Jon Foreman: the sculptor of the Pembrokeshire coastline

What is  Land Art? A form of contemporary art that emerged between ‘67 and ’68 in the USA  consisting in the artist’s intervention  in his  environment, making himself part of the work of art. These creations lead to  an awareness of such an urgent topic in debates: the environmental issue.

An artistic form that reacts to the often static museum atmosphere, thus  leaving the tradition of exhibition spaces and the way of conceiving the work of art.
In 1984, the writer and curator John Beardsley defined it as “an integrated form of sculpture as landscape and landscape as sculpture in which the context with its changing conditions takes on the value of the main subject in the formation and perception of the work“.

Jon Foreman, Sculpt the World – Credits: Mail Online

When it comes to contemporary Land Art, an honorable mention should be made to artist Jon Foreman. He creates incredible sculptures using natural materials in different shapes, colours and sizes. 

Since his youth, the beach on the Pembrokeshire coast in Wales has been his canvas and sand, stones and shells his tools. He thus intervenes on the landscape, indeed, he sculpts it, so much so that he himself defines and titles his art project “Sculpt the World”.

Foreman’s fascinating compositions include works of the most diverse dimensions, from a few tens of centimeters to even works 100 metres in diameter: in this case, the magic can truly be captured from above.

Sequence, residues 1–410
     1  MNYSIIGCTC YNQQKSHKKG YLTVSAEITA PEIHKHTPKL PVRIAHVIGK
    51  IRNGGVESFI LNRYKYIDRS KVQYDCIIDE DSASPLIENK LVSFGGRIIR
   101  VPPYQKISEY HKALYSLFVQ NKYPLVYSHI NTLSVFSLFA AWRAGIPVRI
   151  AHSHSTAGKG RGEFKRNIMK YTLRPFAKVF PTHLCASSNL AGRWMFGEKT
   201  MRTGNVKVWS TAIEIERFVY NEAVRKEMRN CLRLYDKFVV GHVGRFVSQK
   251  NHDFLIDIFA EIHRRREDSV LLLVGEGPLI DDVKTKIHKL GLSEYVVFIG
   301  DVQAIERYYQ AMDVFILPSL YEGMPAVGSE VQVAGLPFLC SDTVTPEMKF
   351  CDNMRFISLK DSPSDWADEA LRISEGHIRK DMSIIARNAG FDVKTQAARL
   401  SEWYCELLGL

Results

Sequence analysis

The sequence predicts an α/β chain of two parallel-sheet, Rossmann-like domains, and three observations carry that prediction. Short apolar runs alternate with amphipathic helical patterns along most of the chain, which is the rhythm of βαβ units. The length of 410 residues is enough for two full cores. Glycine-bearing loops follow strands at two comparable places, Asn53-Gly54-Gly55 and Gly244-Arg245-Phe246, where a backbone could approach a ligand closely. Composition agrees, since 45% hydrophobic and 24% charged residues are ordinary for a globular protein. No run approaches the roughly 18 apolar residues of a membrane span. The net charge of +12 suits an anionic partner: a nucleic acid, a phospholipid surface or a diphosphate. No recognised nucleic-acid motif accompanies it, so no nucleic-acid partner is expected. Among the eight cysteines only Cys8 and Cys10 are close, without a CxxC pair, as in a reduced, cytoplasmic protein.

Jon Foreman, Sculpt the World – Credits: Twisted sifter

Jon Foreman experiments with materials, researches colours, studies the effects of light and shadow not only on the coast, but also in other environments: however, he only uses materials that are always found on site. In the woods he uses leaves, twigs and rocks, while in abandoned spaces he uses broken glass, debris or ashes.

In the artist’s sculptures, there is a shape that continuously recurs: the circle. Many symbolic readings can be made, from the shape of the planet earth to mandalas, to the concept of eternal return: the latter is particularly interesting because it recalls the specific fleetingness of this art form.

Jon Foreman, Sculpt the World – Credits: MY MODERN MET

In this regard, the artist states: “To give an example, these stone creations are made a few metres from where I collected them. Then the tide comes in and brings them back to the starting point. In this way, my art fits into the ecological cycle of nature”.

An ephemeral and fleeting art, which is often seen by artists not only as a means of expression but as a kind of therapy: Land Art is a way of escaping the stress and restlessness of everyday life.

And it is precisely the transient nature of this art form that makes it special, fascinating and educational: it teaches us the importance of the moment.